Nursing: life as an oncology nurse


To mark International Nurses’ Day (12th May), the Harley Street Medical Area is spending the week celebrating the role of nurses. Today, we hear from members of the team at The Royal Marsden’s new diagnostic and treatment facility in Cavendish Square about their experiences as oncology nurses at a world-leading hospital

Paige Mitchell, staff nurse, Cavendish Square

Paige Mitchell

Paige Mitchell, staff nurse, Cavendish Square
The Royal Marsden is known for delivering the gold standard of cancer care and I moved from Edinburgh to London this year just to take up this nursing opportunity! Oncology is so diverse. There are more than 200 different types of cancer, so it’s hugely varied, and no two days or patients are ever the same. Each cancer comes with its own side effects, treatment options, research and funding – it’s unlike any other area of nursing.

When a patient gets a cancer diagnosis, they start a journey like no other. As nurses, we are very much part of that journey with them. You feel connected to the patient journey as everyone knows a friend, loved one or someone close to them who has been affected by cancer. It’s a privilege to be part of the ‘big fight’ against cancer and meet so many different patients every day. They are my favourite part of the job.

At Cavendish Square, we are looking after patients who are coming in for treatment on the Medical Day Unit, facilitating blood tests and preparing and administering their chemotherapy or immunotherapy. Across the outpatient department, we’ll be supporting consultants who are running clinics in all the main tumour groups and assisting with screening, so patients can get a quicker, earlier diagnosis. We’ll be there to provide patients with clinical and practical information, but also for moral support and reassurance at all times.

Beth Goldsworthy, staff nurse, Cavendish Square

Beth Goldsworthy

Beth Goldsworthy, staff nurse, Cavendish Square
I previously worked in trauma nursing, but once I’d decided I wanted to pursue a career in oncology nursing, I couldn’t think of anywhere I’d rather be than The Royal Marsden. For patients, cancer is such a journey and to be able to help them in this role is such a privilege. Being a nurse is such a rewarding job and there are so many opportunities to support patients, both on a clinical and personal level. With cancer, we often get to know patients over a much longer period as they can be under our care for years, often having different treatments as part of clinical trials. Building those relationships is really special.

Cavendish Square will enable our nursing team to feel empowered in their roles as it’s such a unique environment. This will hugely benefit patients, who will be reassured in having the same nurses care for them every time they come to the centre. Being able to offer one-to-one bespoke cancer care to patients in such high-end, calming surroundings will make a huge difference.

I think that the challenges of working through the pandemic have made us more resilient and refined our skills in a way that will support us all in our roles, both mentally and physically. With oncology nursing, being able to read between the lines and really listen to patients is so important.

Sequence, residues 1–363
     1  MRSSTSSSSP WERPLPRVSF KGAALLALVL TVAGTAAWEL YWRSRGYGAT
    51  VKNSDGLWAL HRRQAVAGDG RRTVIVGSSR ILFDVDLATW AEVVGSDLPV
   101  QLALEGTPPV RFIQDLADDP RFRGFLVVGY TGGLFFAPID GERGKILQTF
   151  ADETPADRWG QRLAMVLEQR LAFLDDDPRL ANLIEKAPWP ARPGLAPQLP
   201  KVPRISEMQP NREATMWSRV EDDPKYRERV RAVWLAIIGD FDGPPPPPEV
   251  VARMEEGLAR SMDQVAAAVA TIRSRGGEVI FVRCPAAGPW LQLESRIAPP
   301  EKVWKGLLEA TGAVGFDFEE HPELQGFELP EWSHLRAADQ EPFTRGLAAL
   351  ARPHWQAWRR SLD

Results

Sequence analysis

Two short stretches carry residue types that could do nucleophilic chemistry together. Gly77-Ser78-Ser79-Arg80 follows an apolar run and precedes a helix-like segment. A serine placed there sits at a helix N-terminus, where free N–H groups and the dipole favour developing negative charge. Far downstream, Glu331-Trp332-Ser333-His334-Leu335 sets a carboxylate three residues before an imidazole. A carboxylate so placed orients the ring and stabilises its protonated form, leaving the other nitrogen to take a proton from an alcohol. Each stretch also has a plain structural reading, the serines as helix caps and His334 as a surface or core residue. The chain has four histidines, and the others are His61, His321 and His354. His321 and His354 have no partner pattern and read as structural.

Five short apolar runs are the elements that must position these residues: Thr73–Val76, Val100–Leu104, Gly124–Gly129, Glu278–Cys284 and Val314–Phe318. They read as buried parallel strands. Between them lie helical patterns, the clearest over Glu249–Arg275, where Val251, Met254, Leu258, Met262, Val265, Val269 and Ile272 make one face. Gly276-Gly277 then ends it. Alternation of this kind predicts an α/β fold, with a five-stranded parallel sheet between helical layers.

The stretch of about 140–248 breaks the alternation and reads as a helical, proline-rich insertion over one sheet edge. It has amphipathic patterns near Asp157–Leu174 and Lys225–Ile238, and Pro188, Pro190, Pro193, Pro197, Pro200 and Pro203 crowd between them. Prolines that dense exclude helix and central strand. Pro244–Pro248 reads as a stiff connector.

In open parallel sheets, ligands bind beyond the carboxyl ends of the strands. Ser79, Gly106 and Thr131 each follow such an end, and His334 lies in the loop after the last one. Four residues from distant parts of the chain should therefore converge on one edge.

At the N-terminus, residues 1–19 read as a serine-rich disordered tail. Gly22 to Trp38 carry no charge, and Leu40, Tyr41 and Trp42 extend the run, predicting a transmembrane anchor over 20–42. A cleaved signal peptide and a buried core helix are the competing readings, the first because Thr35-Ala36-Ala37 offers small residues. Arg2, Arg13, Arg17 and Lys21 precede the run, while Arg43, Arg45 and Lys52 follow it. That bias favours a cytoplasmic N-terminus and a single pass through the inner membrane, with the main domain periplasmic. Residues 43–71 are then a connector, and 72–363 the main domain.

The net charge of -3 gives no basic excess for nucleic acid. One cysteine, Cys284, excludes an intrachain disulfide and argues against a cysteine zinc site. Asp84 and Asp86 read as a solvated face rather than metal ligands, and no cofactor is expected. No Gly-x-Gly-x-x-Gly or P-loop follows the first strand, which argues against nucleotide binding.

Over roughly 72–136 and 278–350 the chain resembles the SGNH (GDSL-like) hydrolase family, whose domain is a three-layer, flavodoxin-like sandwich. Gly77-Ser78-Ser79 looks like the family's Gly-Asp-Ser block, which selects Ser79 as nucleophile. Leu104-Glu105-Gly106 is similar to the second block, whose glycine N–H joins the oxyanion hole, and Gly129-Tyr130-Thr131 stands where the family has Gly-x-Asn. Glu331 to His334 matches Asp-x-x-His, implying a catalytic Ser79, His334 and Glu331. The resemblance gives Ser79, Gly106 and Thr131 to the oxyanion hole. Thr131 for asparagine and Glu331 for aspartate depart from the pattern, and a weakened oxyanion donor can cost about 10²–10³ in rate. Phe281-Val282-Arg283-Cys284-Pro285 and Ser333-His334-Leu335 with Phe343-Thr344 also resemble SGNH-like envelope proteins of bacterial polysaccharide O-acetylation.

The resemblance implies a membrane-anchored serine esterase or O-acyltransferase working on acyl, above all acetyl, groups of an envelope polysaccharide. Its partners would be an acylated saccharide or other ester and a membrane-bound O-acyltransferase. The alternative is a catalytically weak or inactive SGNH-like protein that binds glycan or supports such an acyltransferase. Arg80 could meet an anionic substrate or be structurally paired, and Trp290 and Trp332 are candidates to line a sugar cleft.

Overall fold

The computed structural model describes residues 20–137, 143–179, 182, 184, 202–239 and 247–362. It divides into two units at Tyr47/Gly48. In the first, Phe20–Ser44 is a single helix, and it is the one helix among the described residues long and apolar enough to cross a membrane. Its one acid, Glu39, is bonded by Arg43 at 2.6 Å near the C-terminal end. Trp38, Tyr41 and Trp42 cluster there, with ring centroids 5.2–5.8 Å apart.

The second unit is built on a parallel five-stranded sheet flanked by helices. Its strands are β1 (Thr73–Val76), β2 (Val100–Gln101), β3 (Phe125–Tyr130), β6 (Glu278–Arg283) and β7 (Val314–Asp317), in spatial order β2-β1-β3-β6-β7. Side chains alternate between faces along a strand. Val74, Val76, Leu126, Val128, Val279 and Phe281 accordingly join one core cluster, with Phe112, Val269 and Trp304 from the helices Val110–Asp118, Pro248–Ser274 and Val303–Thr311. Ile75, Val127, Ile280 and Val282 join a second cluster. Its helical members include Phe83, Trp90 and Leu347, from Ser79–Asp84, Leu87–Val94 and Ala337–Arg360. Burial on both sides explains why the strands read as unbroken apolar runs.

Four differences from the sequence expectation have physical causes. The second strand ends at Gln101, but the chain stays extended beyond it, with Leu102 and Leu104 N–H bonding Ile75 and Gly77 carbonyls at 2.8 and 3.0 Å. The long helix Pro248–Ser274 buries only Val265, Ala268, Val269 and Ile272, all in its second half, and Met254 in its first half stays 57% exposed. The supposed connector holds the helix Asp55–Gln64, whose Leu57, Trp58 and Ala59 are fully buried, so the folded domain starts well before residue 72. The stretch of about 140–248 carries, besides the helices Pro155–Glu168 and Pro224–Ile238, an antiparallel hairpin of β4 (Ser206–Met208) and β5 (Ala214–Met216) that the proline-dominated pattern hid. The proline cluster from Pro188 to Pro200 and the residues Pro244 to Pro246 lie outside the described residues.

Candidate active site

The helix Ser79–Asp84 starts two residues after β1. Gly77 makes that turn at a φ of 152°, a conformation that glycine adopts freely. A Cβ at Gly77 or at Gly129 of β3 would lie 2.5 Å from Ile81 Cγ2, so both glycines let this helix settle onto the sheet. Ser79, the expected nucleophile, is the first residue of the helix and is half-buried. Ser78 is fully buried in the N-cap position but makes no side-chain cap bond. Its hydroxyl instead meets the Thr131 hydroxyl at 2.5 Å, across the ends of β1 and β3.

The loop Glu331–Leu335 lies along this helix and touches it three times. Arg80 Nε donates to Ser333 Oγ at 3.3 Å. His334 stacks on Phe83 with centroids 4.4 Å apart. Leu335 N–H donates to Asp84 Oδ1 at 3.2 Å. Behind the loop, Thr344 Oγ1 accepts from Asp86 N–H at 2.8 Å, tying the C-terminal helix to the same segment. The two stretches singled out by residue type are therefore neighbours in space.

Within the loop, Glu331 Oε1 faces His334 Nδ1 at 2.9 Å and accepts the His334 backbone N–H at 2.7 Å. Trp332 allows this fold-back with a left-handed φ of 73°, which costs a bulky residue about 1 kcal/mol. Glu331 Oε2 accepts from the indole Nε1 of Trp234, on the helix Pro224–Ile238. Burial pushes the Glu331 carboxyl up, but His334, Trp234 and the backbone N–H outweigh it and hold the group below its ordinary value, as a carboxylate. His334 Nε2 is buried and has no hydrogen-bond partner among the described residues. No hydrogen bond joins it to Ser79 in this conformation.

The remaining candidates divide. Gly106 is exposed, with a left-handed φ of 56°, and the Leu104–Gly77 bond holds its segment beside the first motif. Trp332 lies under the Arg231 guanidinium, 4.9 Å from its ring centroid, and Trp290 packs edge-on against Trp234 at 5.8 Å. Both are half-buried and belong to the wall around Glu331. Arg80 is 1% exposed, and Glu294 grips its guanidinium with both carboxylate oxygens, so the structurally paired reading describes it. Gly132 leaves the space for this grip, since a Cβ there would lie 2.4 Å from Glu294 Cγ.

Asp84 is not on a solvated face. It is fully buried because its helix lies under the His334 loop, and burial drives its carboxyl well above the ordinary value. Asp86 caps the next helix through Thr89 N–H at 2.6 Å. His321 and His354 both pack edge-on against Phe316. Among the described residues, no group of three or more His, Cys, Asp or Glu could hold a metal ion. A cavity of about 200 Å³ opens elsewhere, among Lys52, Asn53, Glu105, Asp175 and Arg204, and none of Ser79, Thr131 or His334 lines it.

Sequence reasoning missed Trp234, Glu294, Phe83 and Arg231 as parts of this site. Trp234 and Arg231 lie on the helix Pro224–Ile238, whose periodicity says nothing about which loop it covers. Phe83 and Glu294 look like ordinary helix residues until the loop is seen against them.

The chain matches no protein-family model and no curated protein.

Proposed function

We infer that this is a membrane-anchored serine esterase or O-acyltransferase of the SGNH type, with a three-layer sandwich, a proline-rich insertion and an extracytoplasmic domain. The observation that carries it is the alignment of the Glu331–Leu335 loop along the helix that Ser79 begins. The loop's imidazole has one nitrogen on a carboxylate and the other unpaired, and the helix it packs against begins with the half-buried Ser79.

Farzana Baksh, deputy matron, Cavendish

Farzana Baksh

Farzana Baksh, deputy matron, Cavendish Square 
I’ve been in the nursing team at The Royal Marsden for 10 years and am looking forward to bringing this experience and expertise to the team at Cavendish Square.

Over the past decade, cancer nursing has changed enormously, and nurses have been empowered to take on extended roles such as prescribing drugs and interpreting diagnostic tests. This enables autonomous working, critical thinking and independent decision-making, which makes nursing a much more exciting and complex role – but equally helps us to deliver much better patient care. At Cavendish Square, the focus is all about patient-centred care and the nursing team will be leading on this delivery, especially in the Medical Day Unit where patients will be receiving some of the most advanced cancer treatments.

The Royal Marsden is research-led, which also opens up more opportunities for the nursing team. Research has allowed nurses to change practice by adapting or implementing new policies to enhance patient care and to be at the forefront of the latest clinical studies.

Becky Bourne, matron, Cavendish Square

Becky Bourne

Becky Bourne, matron, Cavendish Square
As matron for Cavendish Square, I have oversight of all the clinical areas, leading the nursing and advance nurse practitioner teams across our Medical Day Unit, Outpatients and Minor Procedure Suite. My role is to ensure high standards of clinical care, patient safety and the best possible patient experience.

There has been a huge amount of development to enhance the patient experience at Cavendish Square, which will create multiple benefits for patients at all levels and with different types of cancer. Examples such as direct booking so patients won’t be worried at home, wondering if they’ve got an appointment; a new nursing model that will provide patients with enhanced clinic nurse support; faster turn-around time on blood and imaging results; and, of course, a calming and comfortable environment, to name a few.

Making a difference to patients’ lives and being part of such a great team are my favourite parts of the job.